Homocysteine and Cardiovascular Disease Post 1

Cardiovascular disease remains by far the leading cause of premature death for men and women in the U.S., the disease itself the consequence of a variety of factors, both hereditary and environmental.

Of the major risk factors, namely, high low-density lipoprotein (LDL), cholesterol and/or low high-density lipoprotein (HDL) cholesterol, old age, male gender, premature menopause in women, hypertension, smoking, diabetes mellitus and a family history of heart attack, three are related to diet: HDL and LDL cholesterol levels, hypertension and diabetes. Much research time has been spent exploring potential dietary intervention strategies and preventative measures.

For several decades, the debate on diet and cardiovascular disease has been dominated by the classic diet-heart hypothesis that proposes an adverse effect of dietary saturated fat and cholesterol and a beneficial effect of polyunsaturated fatty acid (PUFA) intake. However, recent research suggests that the diet-heart relationship is much more complex than previously recognized. No doubt, dietary lipids play a significant role in the development and prevention of this chronic disease, however, it is becoming clear that myriad of other dietary factors work synergistically and may prove to be just as, if not more, important in maintaining the health of the heart.

Antioxidants are emerging as protective factors, as well as numerous other phytochemicals often overlooked in fruits and vegetables. Moreover, deficiencies and/or excesses in certain vitamins, minerals and trace elements appear to effect the health status of the heart. There is also increasing evidence that high levels of homocysteine, an amino acid partially regulated by folic acid and vitamin B12, may contribute to the development of cardiovascular disease.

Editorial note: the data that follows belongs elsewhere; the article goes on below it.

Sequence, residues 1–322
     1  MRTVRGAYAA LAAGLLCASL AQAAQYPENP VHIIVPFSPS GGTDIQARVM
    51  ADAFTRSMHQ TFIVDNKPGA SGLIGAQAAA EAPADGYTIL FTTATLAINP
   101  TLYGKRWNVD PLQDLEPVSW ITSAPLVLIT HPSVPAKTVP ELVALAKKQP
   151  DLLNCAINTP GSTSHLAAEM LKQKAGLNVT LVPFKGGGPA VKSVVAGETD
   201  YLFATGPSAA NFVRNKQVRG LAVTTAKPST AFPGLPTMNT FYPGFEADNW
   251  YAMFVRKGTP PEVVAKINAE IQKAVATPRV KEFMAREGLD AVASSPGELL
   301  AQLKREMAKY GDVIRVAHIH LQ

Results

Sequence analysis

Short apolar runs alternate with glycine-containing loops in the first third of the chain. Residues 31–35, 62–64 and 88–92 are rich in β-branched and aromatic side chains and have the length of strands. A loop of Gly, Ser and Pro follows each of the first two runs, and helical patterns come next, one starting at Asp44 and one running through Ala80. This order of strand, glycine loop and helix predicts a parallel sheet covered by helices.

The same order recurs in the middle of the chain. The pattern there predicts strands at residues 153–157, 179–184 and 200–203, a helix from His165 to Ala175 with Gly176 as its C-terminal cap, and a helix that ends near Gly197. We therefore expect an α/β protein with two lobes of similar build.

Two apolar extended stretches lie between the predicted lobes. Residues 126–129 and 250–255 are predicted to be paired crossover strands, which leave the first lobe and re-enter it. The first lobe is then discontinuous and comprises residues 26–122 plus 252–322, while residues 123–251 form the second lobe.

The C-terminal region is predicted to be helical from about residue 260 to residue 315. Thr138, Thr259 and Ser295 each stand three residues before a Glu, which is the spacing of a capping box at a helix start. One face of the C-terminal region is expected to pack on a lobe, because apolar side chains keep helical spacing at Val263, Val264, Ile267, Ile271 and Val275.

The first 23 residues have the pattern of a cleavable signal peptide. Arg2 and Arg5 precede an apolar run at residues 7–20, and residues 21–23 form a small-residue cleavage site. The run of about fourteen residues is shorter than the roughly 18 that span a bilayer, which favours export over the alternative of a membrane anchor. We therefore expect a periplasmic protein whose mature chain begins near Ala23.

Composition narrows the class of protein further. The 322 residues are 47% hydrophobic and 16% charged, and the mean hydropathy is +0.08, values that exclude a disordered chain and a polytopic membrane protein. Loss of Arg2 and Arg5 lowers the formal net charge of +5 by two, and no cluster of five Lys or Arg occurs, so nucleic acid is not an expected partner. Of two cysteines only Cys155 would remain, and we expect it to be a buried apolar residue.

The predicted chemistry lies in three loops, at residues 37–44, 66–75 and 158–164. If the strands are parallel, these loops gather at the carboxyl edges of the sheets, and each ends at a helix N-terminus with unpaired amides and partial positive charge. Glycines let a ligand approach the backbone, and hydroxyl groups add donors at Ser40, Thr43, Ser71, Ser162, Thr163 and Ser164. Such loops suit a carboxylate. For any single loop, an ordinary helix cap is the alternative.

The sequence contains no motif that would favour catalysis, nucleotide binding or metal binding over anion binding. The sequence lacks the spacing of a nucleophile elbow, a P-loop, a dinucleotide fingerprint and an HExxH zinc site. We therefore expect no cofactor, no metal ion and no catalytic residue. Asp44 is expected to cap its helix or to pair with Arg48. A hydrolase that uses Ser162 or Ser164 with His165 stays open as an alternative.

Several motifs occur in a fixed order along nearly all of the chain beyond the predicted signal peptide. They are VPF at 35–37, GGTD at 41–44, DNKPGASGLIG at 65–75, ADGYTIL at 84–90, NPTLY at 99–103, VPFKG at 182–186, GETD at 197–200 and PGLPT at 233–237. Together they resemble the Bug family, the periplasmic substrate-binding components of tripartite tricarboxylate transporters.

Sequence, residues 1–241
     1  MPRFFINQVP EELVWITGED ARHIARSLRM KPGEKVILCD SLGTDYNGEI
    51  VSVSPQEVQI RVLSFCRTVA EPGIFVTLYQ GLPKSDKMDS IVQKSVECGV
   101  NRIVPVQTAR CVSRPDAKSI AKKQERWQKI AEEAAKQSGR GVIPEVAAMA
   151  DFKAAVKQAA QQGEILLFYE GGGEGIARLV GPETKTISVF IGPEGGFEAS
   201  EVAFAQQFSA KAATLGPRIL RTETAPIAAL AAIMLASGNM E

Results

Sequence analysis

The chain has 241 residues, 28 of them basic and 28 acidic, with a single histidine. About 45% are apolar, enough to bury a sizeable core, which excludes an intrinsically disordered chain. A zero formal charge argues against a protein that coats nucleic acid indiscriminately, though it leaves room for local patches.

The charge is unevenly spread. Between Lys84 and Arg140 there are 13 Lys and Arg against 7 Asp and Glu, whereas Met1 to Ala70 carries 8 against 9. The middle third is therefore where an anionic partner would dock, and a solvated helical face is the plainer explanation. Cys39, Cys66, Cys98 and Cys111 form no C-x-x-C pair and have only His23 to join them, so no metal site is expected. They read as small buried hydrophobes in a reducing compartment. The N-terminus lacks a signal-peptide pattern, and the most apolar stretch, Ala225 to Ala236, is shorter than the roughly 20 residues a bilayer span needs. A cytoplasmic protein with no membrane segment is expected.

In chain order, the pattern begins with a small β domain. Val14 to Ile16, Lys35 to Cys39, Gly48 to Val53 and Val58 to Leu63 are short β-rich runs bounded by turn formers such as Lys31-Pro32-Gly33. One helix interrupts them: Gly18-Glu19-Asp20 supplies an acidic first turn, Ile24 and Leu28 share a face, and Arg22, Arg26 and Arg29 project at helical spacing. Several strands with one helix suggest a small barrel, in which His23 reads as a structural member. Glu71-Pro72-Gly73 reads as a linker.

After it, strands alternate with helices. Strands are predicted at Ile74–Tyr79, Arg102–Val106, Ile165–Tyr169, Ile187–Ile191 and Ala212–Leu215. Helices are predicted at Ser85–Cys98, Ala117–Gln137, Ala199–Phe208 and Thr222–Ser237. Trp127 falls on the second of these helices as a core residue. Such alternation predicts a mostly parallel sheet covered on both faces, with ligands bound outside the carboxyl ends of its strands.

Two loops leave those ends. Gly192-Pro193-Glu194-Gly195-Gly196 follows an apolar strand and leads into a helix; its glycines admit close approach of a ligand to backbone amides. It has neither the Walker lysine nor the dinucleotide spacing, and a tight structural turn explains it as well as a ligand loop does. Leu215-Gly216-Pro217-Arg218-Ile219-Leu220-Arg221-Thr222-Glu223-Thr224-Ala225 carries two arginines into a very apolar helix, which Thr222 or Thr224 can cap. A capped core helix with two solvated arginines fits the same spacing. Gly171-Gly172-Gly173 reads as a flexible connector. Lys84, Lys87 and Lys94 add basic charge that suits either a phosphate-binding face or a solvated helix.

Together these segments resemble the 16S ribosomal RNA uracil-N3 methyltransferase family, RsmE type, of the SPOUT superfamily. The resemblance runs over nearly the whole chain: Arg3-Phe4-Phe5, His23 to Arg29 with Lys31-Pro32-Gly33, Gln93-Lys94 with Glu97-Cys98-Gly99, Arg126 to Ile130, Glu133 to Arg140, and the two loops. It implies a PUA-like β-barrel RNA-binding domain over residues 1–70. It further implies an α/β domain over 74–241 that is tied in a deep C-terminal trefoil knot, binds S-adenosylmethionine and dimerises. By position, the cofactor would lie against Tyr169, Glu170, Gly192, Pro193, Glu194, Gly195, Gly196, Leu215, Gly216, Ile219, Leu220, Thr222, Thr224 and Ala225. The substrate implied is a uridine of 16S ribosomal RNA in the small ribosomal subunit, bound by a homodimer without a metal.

Coronary Heart Disease (CHD) is the most common form of cardiovascular disease and involves both atherosclerosis and hypertension. A heart attack (myocardial infarction) is usually the consequence of three events: 1) the narrowing of coronary arteries by atherosclerosis, 2) the rupture of an atheromatous plaque and 3) the formation of a blood clot (thrombus) in a narrowed artery. Atherosclerosis is the accumulation of cholesterol-rich deposits along the inner walls of the arteries.

It first appears in arteries as fatty streaks, slightly raised yellow areas which contain foam cells. Over time, these fatty streaks collect minerals and they enlarge to form fibrous plaques which stiffen the arteries and tighten their passage. Arteries narrowed by plaques are unable to expand normally with each heartbeat, thereby causing blood pressure to rise with each pulse and the artery walls to undergo further damage.

When the body’s tissues are injured, platelets and several clotting factors known as eicosanoids are released into the blood to stimulate coagulation. Consequently, soluble fibrinogen is converted into insoluble fibrin which, along with the platelets and red blood cells, aggregates at a damaged point in the artery wall to form a thrombus. The blood clot gradually expands until it reaches a narrow artery where it is blocked from passage. Consequently, the heart is robbed of oxygen and nutrients resulting in myocardial infarction.

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